The combination of a removable self-standing article organizer assembly 50 and a carrying case 20 adapted to receive the article organizer assembly 50 is indicated generally in FIG. 1 by reference numeral 10. The carrying case 20 contains a lid 30 connected along hinge line 21 to body 40. The body 40 of the carrying case 20 is generally rectangular and has a compartment 41 defined by a front wall 42, first and second side walls 43 and 44, a back wall 45, and a bottom wall 46. The body and the lid are closed together by a continuous self-repairing zipper formed from a zipper coil 23 attached to the body 40 and zipper coil 24 attached to the lid 30. The two zipper coils (which also could be rows of zipper teeth) are reversibly connected and separated by zipper pull 22. Other means could be employed to detachably secure the lid 30 to the body 40, enclosing the compartment 41, as is well known to those of skill in the art.

The carrying case 20 may be constructed of leather, nylon, dacron or polyester fabric, Naugahyde, vinyl or canvas or combinations thereof. The embodiment depicted in FIG. 1 is adapted to be a computer case and has handles 25. As is typical of computer cases, padding and possibly a hard nylon or other plastic shell can be incorporated into the walls of the carrying case 20 to protect portable computers and other components (such as a printer, modem and the like) contained within compartment 41. A padded securing strap 47 retains portable computers from sub-notebook to the largest size in the compartment 41. The securing strap 47 contains hook fasteners (not shown) at either end which secure to a loosely woven soft fabric lining the interior of the compartment 41.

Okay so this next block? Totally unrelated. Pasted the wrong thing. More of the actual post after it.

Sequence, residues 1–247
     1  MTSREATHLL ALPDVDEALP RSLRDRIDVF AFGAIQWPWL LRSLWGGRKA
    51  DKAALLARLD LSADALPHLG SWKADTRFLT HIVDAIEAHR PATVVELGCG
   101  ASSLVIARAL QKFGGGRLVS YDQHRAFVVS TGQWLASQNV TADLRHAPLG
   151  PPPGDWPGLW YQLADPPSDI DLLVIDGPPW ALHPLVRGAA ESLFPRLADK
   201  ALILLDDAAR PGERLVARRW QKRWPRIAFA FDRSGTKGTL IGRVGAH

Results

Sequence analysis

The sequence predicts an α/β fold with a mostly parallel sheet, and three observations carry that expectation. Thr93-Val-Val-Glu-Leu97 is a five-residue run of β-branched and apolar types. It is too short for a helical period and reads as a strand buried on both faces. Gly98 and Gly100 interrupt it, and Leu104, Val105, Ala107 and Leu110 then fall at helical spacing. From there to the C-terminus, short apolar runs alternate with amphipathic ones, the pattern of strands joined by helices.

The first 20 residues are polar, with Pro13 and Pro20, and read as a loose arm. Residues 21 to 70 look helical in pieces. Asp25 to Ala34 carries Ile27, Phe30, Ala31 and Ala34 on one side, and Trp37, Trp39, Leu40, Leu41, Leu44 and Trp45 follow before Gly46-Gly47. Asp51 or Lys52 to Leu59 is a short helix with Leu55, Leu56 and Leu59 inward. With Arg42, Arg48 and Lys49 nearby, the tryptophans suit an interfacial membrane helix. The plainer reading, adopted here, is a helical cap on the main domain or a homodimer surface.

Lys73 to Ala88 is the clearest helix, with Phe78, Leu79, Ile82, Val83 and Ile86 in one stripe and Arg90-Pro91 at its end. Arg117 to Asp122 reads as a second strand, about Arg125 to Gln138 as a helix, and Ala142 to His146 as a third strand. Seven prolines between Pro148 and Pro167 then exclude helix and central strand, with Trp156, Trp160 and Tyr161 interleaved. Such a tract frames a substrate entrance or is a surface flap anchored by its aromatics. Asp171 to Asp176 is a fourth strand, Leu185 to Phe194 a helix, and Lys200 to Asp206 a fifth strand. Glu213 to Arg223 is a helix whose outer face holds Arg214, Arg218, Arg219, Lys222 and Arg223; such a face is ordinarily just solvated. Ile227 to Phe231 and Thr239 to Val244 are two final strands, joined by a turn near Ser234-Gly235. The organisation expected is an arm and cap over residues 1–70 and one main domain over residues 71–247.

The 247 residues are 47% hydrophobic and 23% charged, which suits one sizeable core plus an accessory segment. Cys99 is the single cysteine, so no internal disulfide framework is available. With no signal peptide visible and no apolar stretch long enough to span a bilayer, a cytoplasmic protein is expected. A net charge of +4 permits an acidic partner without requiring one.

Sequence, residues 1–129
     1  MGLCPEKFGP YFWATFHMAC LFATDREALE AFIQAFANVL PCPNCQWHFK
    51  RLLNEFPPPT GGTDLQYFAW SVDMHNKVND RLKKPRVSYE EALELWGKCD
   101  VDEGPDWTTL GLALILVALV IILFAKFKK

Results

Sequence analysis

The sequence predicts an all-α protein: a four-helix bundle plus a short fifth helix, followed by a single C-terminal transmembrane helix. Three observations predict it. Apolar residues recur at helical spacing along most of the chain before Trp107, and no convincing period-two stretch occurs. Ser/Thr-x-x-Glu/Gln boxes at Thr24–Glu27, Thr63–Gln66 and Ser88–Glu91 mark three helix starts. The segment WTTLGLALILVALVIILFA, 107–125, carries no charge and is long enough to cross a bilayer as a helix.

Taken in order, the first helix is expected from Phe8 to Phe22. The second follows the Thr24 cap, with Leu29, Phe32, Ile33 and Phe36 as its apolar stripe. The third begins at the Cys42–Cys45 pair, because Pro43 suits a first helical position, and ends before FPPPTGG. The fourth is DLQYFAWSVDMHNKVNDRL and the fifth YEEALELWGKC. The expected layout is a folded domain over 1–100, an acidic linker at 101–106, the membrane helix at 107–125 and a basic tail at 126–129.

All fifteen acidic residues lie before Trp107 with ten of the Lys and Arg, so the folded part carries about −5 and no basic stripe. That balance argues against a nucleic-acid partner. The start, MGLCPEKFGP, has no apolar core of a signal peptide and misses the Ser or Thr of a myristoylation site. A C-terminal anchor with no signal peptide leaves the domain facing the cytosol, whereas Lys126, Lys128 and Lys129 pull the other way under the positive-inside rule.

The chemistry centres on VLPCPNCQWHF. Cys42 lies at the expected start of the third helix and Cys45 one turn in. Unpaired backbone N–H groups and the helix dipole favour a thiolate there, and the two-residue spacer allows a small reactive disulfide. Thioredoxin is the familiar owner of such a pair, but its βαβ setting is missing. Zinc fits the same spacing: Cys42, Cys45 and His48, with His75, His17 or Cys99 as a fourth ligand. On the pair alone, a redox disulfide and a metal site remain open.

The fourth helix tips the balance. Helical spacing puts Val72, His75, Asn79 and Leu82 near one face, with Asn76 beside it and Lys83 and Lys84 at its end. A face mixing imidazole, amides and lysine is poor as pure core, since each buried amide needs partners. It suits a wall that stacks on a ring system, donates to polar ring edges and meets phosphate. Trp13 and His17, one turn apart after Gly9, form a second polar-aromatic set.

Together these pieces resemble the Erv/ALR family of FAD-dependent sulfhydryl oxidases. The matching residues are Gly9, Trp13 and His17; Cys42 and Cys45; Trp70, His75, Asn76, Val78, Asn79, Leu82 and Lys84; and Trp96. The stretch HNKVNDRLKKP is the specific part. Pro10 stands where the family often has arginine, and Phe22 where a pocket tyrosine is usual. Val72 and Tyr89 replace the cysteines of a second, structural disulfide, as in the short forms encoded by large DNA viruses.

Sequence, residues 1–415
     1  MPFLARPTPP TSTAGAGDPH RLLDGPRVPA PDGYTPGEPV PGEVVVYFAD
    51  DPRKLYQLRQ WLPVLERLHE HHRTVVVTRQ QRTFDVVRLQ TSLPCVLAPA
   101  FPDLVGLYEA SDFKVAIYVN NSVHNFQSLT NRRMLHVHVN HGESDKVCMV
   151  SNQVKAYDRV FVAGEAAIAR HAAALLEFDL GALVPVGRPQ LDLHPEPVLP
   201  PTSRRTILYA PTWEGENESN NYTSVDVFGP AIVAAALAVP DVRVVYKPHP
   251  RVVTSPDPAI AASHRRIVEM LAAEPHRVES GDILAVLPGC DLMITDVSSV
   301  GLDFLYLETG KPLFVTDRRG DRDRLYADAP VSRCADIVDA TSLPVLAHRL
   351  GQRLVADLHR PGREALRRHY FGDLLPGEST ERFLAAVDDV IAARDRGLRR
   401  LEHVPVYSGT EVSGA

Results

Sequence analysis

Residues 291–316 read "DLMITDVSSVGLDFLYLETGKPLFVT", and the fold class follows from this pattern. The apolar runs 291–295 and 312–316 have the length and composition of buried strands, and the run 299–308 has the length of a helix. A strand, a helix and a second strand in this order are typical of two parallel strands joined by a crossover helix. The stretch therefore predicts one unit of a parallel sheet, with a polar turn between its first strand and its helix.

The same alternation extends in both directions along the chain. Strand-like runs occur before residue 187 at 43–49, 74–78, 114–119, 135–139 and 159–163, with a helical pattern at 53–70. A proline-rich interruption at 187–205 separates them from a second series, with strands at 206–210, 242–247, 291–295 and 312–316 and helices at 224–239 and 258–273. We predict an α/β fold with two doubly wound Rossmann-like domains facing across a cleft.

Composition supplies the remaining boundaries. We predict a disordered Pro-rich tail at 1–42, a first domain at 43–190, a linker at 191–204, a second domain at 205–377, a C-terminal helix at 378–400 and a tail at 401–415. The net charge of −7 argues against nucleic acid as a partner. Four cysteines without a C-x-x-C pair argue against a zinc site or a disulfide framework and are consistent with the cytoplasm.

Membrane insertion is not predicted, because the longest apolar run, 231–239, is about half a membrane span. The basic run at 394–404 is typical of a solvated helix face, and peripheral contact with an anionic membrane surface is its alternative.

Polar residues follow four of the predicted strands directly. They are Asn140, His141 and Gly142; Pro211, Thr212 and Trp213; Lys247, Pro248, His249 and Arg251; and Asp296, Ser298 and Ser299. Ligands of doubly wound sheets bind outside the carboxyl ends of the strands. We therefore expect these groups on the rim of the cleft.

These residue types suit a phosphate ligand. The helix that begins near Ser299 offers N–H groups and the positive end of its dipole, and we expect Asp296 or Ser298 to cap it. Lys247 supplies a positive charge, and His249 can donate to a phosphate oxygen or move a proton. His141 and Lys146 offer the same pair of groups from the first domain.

It should be understood, however, that the article organizer assembly 50, may be employed with all types of carrying cases and not just computer cases. Examples of other such carrying cases include attache cases, brief cases, suitcases, flight bags, litigation bags, and backpacks.

The article organizer assembly 50 is described below in greater detail in connection with FIGS. 2-7. As seen in FIG. 1, the article organizer assembly 50 consists of a number of main or side panels defining and containing pockets for various articles such as pens, cards, floppy disks, and the like. A flap 51 is hingedly attached to a side panel of the article organizer assembly 50 and is shown in FIG. 1 to be generally in its first or retracted position. A lanyard strap 52 (best seen in FIGS. 3 and 6) connects a side panel of the article organizer assembly to the lower end of the flap 51.

The lid 30 of the carrying bag 20 has means to receive and thus attach to it the article organizer assembly 50. (The attachment means could be incorporated into any inside wall adjoining the compartment 41 that has suitable dimensions, such as the side of bottom wall 46 adjoining the compartment 41.) A pocket 31 on the inside wall or surface of the lid 30 forms a receptacle 32 into which the flap 51 of the article organizer assembly 50 may be inserted so that the article organizer assembly 50 is securely but removably attached to the lid 30. The article organizer assembly 50 is sized to fit within the compartment 41 when the lid 30 is secured to the body 40 of the carrying case 20. The slot 33 defined in the pocket 31 accommodates the lanyard strap 52 which, without the slot 33, would prevent full insertion of the flap 51 into the receptacle 32 behind the pocket 31.